A tale of two currencies.
UK and eurozone stock markets were united in their misery on Tuesday, but a pair of contrasting analyst recommendations also released today highlights the very different trajectories market-watchers are expecting for the UK and eurozone economies in the months ahead.
US bank Jefferies is preparing for a downturn in the UK, encouraging investors to look for stocks that aren’t too reliant on the local economy and that will benefit from an even weaker pound.
Data released last week confirmed that the UK economy expanded by a sluggish 0.7 per cent in the second quarter, and highlighted particularly weak consumer spending. Analysts at Jefferies suggest this will exacerbate the trend in UK equities since last year’s Brexit vote, which has seen the more internationally-exposed FTSE 100 outperform the mid-cap FTSE 250.
The UK economy is expected to be led by exports rather than consumption, with wage growth much more muted …while it is dangerous to extrapolate trends, the evidence still points to owning UK equities that favour a cheap currency and global growth rather than domestic consumption.
In contrast, the most recent figures from the eurozone’s largest economies showed higher growth being driven by unexpectedly confident consumers. Private consumption in Germany is growing at its joint-highest rate for six years, and data from France released this morning similarly beat forecasts.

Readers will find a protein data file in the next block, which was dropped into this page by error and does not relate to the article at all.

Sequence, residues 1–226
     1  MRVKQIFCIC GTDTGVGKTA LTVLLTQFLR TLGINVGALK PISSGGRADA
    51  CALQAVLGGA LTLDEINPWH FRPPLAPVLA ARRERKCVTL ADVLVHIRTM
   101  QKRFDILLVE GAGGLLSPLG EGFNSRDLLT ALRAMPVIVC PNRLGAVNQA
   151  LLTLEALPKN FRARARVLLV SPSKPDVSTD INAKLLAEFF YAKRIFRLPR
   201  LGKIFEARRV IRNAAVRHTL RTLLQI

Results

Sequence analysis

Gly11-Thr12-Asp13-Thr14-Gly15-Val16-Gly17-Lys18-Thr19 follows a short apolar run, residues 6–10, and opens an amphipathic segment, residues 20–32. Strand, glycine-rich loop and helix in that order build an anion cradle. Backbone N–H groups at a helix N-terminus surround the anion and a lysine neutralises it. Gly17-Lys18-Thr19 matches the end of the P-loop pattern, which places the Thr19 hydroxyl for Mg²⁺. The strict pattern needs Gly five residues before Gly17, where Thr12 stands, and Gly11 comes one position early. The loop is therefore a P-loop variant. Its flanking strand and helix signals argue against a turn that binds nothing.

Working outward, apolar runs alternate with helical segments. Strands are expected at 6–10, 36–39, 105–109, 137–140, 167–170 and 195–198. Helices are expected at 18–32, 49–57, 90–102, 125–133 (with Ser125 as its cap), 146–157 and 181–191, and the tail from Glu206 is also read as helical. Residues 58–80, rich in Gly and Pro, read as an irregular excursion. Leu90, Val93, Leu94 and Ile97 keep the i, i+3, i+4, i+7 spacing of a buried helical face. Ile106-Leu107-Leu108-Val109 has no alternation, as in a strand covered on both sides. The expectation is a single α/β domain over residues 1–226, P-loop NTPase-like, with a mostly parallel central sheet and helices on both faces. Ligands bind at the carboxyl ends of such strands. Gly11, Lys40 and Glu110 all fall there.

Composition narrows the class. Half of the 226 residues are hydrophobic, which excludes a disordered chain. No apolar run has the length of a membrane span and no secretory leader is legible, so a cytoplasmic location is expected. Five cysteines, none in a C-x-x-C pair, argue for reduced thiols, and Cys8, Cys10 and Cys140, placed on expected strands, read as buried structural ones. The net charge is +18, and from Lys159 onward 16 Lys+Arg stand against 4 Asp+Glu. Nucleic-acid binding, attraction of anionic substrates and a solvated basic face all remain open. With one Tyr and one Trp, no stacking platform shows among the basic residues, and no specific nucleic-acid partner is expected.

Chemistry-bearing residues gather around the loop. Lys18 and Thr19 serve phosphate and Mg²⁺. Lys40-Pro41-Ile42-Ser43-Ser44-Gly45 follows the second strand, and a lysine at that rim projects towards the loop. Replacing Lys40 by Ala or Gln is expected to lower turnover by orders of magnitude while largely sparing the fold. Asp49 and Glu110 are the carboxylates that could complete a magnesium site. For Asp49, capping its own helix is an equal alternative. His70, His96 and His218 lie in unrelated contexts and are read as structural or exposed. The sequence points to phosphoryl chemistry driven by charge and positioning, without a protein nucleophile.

The positivity emanating from the eurozone hasn’t had such a great impact on local stock markets, however, with Germany’s Dax for example falling to its lowest level since March this morning.
As economic strength pushes the euro higher, investors have sold European shares in expectation that the stronger currency will hit exporters, but UBS sees opportunity among the losses. In contrast to Jefferies’ UK recommendations, the Swiss bank today said it is increasing it is looking for more domestic exposure in the eurozone.
UBS says “stocks exposed to the European domestic economy have shown consistently better EPS momentum than the market since late 2016″, but this outperformance has yet to be reflected in their share prices, which are still “trading at a significant discount to the wider market” after years of disappointing growth.